Project description:In this study, we conducted the activity, diversity, and density analysis of transposable elements (TEs) across five avian genomes (budgerigar, chicken, turkey, medium ground finch, and zebra finch) to explore the potential reason of small genome sizes of birds. We found that these avian genomes exhibited low density of TEs by about 10% of genome coverages and low diversity of TEs with the TE landscapes dominated by CR1 and ERV elements, and contrasting proliferation dynamics both between TE types and between species were observed across the five avian genomes. Phylogenetic analysis revealed that CR1 clade was more diverse in the family structure compared with R2 clade in birds; avian ERVs were classified into four clades (alpha, beta, gamma, and ERV-L) and belonged to three classes of ERV with an uneven distributed in these lineages. The activities of DNA and SINE TEs were very low in the evolution history of avian genomes; most LINEs and LTRs were ancient copies with a substantial decrease of activity in recent, with only LTRs and LINEs in chicken and zebra finch exhibiting weak activity in very recent, and very few TEs were intact; however, the recent activity may be underestimated due to the sequencing/assembly technologies in some species. Overall, this study demonstrates low diversity, activity, and density of TEs in the five avian species; highlights the differences of TEs in these lineages; and suggests that the current and recent activity of TEs in avian genomes is very limited, which may be one of the reasons of small genome sizes in birds.
Project description:BACKGROUND: Transposable elements (TEs) have the potential to produce broad changes in the genomes of their hosts, acting as a type of evolutionary toolbox and generating a collection of new regulatory and coding sequences. Several TE classes have been studied in Neotropical cichlids; however, the information gained from these studies is restricted to the physical chromosome mapping, whereas the genetic diversity of the TEs remains unknown. Therefore, the genomic organization of the non-LTR retrotransposons Rex1, Rex3, and Rex6 in five Amazonian cichlid species was evaluated using physical chromosome mapping and DNA sequencing to provide information about the role of TEs in the evolution of cichlid genomes. RESULTS: Physical mapping revealed abundant TE clusters dispersed throughout the chromosomes. Furthermore, several species showed conspicuous clusters accumulation in the centromeric and terminal portions of the chromosomes. These TE chromosomal sites are associated with both heterochromatic and euchromatic regions. A higher number of Rex1 clusters were observed among the derived species. The Rex1 and Rex3 nucleotide sequences were more conserved in the basal species than in the derived species; however, this pattern was not observed in Rex6. In addition, it was possible to observe conserved blocks corresponding to the reverse transcriptase fragment of the Rex1 and Rex3 clones and to the endonuclease of Rex6. CONCLUSION: Our data showed no congruence between the Bayesian trees generated for Rex1, Rex3 and Rex6 of cichlid species and phylogenetic hypothesis described for the group. Rex1 and Rex3 nucleotide sequences were more conserved in the basal species whereas Rex6 exhibited high substitution rates in both basal and derived species. The distribution of Rex elements in cichlid genomes suggests that such elements are under the action of evolutionary mechanisms that lead to their accumulation in particular chromosome regions, mostly in heterochromatins.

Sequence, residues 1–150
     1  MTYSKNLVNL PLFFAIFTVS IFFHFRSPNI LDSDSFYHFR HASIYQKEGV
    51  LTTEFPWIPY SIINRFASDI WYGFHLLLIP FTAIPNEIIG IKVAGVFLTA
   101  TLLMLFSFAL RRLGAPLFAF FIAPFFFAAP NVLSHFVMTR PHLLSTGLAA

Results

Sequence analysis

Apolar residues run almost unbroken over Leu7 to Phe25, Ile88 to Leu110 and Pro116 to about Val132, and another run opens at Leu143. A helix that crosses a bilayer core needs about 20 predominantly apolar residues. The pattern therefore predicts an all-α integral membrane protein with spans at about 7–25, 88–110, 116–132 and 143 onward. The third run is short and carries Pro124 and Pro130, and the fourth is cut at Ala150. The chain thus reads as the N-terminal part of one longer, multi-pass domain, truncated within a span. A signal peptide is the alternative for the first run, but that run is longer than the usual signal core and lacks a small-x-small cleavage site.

Project description:Chicken genomes contain approximately 30,000 chicken repeat 1 (CR1) elements scattered among single-copy sequences, but no information has yet been presented to account for how these elements could have dispersed. The fact that CR1 elements have common (although atypical) 3' ends and variable 5' truncations suggested to us that they might belong to the class of non-long terminal repeat retrotransposons that encode reverse transcriptases. From an analysis of unusually large CR1 elements, we now provide evidence for the presence of such a reverse transcriptase open reading frame. CR1 elements are distantly related to previously described non-long terminal repeat retrotransposons; however, we find that frog and torpedo ray genomes contain dispersed open reading frame segments that have > 50% identity to the CR1 open reading frame. This result suggests that CR1-like elements exist in several vertebrate classes that have evolved independently for approximately 400 million years.
Project description:Although DNA transposons often generated internal deleted derivatives such as miniature inverted-repeat transposable elements, short internally deleted elements (SIDEs) derived from nonlong terminal-repeat retrotransposons are rare. Here, we found a novel SIDE, named Persaeus, that originated from the chicken repeat 1 (CR1) retrotransposon Zenon and it has been found widespread in Lepidoptera insects. Our findings suggested that Persaeus and the partner Zenon have experienced a transposition burst in their host genomes and the copy number of Persaeus and Zenon in assayed genomes are significantly correlated. Accordingly, the activity though age analysis indicated that the replication wave of Persaeus coincided with that of Zenon. Phylogenetic analyses suggested that Persaeus may have evolved at least four times independently, and that it has been vertically transferred into its host genomes. Together, our results provide new insights into the evolution dynamics of SIDEs and its partner non-LTRs.